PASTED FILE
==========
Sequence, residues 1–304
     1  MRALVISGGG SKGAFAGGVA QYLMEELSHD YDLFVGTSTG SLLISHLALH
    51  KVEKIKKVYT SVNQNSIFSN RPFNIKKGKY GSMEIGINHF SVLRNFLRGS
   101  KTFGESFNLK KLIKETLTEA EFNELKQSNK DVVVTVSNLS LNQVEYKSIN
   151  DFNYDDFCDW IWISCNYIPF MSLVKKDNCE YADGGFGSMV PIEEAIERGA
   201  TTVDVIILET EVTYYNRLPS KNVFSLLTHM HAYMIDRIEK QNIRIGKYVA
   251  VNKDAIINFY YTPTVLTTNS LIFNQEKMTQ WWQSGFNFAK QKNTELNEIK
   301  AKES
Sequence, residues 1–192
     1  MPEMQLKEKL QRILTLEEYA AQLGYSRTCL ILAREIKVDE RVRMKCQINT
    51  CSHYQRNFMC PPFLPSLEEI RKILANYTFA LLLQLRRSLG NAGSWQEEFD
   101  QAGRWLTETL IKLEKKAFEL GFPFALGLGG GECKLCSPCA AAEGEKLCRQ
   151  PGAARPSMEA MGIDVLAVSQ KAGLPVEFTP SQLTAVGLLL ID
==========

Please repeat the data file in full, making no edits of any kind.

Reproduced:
Sequence, residues 1–304
     1  MRALVISGGG SKGAFAGGVA QYLMEELSHD YDLFVGTSTG SLLISHLALH
    51  KVEKIKKVYT SVNQNSIFSN RPFNIKKGKY GSMEIGINHF SVLRNFLRGS
   101  KTFGESFNLK KLIKETLTEA EFNELKQSNK DVVVTVSNLS LNQVEYKSIN
   151  DFNYDDFCDW IWISCNYIPF MSLVKKDNCE YADGGFGSMV PIEEAIERGA
   201  TTVDVIILET EVTYYNRLPS KNVFSLLTHM HAYMIDRIEK QNIRIGKYVA
   251  VNKDAIINFY YTPTVLTTNS LIFNQEKMTQ WWQSGFNFAK QKNTELNEIK
   301  AKES
Sequence, residues 1–192
     1  MPEMQLKEKL QRILTLEEYA AQLGYSRTCL ILAREIKVDE RVRMKCQINT
    51  CSHYQRNFMC PPFLPSLEEI RKILANYTFA LLLQLRRSLG NAGSWQEEFD
   101  QAGRWLTETL IKLEKKAFEL GFPFALGLGG GECKLCSPCA AAEGEKLCRQ
   151  PGAARPSMEA MGIDVLAVSQ KAGLPVEFTP SQLTAVGLLL ID